var formElements=document.getElementById("myForm").elements;    
var postData={};
for (var i=0; i<formElements.length; i++)
    if (formElements[i].type!="submit")//we dont want to include the submit-buttom
        postData[formElements[i].name]=formElements[i].value;
share|improve this answer

If you are using jQuery, here is a little function that will do what you are looking for.

First, add an ID to your form (unless it is the only form on the page, then you can just use 'form' as the dom query)

<form id="some-form">
 <input type="radio" name="foo" value="1" checked="checked" />
 <input type="radio" name="foo" value="0" />
 <input name="bar" value="xxx" />
 <select name="this">
  <option value="hi" selected="selected">Hi</option>
  <option value="ho">Ho</option>
</form>

<script>
//read in a form's data and convert it to a key:value object
function getFormData(dom_query){
    var out = {};
    var s_data = $(dom_query).serializeArray();
    //transform into simple data/value object
    for(var i = 0; i<s_data.length; i++){
        var record = s_data[i];
        out[record.name] = record.value;
    }
    return out;
}

console.log(getFormData('#some-form'));
</script>

The output would look like:

{
 "foo": "1",
 "bar": "xxx",
 "this": "hi"
}
share|improve this answer

This will append all form fields to the JavaScript object "res":

var res = {};
$("#form input, #form select, #form textarea").each(function(i, obj) {
    res[obj.name] = $(obj).val();
})
share|improve this answer
    
why the downvote? –  gamliela Apr 23 '14 at 9:51
    
Probably because this exact same answer was already posted in 2010. –  nathanvda Mar 26 at 12:43
    
I didn't know that. For such a short answer this is not surprising. And even so, where is the reference? –  gamliela Mar 26 at 13:23
    
Seriously? You do not believe my comment without the reference and you can't even look over the list of answer to see if they are the same? stackoverflow.com/a/2276469/216513 –  nathanvda Mar 26 at 13:42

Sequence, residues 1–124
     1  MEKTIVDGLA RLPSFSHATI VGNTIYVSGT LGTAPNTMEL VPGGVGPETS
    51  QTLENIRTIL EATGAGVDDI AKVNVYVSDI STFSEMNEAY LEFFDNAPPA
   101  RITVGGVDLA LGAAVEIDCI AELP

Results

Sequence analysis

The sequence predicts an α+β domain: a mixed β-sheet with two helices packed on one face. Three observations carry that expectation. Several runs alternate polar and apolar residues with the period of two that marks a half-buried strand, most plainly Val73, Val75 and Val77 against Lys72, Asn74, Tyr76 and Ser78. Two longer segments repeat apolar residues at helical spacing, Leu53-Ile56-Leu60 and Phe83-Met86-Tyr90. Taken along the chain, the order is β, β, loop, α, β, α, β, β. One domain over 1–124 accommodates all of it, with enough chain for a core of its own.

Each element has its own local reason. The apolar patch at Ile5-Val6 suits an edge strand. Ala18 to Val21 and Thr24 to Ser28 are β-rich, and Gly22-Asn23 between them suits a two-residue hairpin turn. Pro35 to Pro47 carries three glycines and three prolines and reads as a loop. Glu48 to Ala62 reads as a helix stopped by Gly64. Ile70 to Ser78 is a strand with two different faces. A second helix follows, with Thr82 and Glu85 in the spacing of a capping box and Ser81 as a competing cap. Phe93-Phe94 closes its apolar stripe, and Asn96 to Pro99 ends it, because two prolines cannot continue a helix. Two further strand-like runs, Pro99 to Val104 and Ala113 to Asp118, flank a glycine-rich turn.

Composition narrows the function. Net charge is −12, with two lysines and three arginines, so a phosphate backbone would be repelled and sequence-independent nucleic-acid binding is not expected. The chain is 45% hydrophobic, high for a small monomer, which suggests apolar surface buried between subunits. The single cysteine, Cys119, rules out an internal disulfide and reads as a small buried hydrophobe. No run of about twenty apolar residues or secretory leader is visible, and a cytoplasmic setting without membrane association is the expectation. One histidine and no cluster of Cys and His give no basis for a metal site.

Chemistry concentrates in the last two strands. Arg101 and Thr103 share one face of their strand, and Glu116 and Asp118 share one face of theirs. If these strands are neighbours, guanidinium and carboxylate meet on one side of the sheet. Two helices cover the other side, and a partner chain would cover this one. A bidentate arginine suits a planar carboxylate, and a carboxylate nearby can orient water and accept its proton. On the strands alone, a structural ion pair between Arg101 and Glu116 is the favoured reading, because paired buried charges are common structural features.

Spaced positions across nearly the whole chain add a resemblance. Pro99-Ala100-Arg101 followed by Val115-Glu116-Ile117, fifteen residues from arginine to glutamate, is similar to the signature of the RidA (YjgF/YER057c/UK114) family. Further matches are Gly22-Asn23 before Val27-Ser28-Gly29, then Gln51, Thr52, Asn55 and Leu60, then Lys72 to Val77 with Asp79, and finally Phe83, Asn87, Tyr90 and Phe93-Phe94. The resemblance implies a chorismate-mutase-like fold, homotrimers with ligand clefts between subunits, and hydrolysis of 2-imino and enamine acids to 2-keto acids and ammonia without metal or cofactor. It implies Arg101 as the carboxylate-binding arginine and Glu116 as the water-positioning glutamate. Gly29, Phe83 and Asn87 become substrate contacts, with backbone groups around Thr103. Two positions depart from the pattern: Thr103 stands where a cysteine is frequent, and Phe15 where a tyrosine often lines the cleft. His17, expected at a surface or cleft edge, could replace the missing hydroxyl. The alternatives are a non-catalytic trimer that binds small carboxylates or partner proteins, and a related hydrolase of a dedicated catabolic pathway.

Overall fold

I thought that you mean an answer in another question. I don't remember now the details and my reasons; maybe because it's not exactly the same –  gamliela Mar 26 at 18:43

You are all not fully correct. You cannot write:

formObj[input.name] = input.value;

Because this way if you have multiselect list - its values will be overwritten with the last one, since it's transmitted as: "param1" : "value1", "param1" : "value2".

So, correct approach is:

if (formData[input.name] === undefined) {
    formData[input.name] = input.value;
}
else {
    var inputFieldArray = $.merge([], $.isArray(formData[input.name]) ? formData[input.name] : [formData[input.name]]);
    $.merge(inputFieldArray, [input.value]);
    formData[input.name] = $.merge([], inputFieldArray);
}
share|improve this answer

You can also use the FormData Objects; The FormData object lets you compile a set of key/value pairs to send using XMLHttpRequest. Its primarily intended for use in sending form data, but can be used independently from forms in order to transmit keyed data.

        var formElement = document.getElementById("myform_id");
        var formData = new FormData(formElement);
        console.log(formData);
share|improve this answer

This method should do it. It serializes the form data and then converts them to an object. Takes care of groups of checkboxes as well.

function getFormObj(formId) {
  var formParams = {};
  $('#' + formId)
    .serializeArray()
    .forEach(function(item) {
      if (formParams[item.name]) {
        formParams[item.name] = [formParams[item.name]];
        formParams[item.name].push(item.value)
      } else {
        formParams[item.name] = item.value
      }
    });
  return formParams;
}
share|improve this answer

I wrote a library to solve this very problem: JSONForms. It takes a form, goes through each input and builds a JSON object you can easily read.

Say you have the following form:

<form enctype='application/json'>
  <input name='places[0][city]' value='New York City'>
  <input type='number' name='places[0][population]' value='8175133'>
  <input name='places[1][city]' value='Los Angeles'>
  <input type='number' name='places[1][population]' value='3792621'>
  <input name='places[2][city]' value='Chicago'>
  <input type='number' name='places[2][population]' value='2695598'>
</form>

Passing the form to JSONForms' encode method returns you the following object:

{
  "places": [
    {
      "city": "New York City",
      "population": 8175133
    },
    {
      "city": "Los Angeles",
      "population": 3792621
    },
    {
      "city": "Chicago",
      "population": 2695598
    }
  ]
}

Here's demo with your form.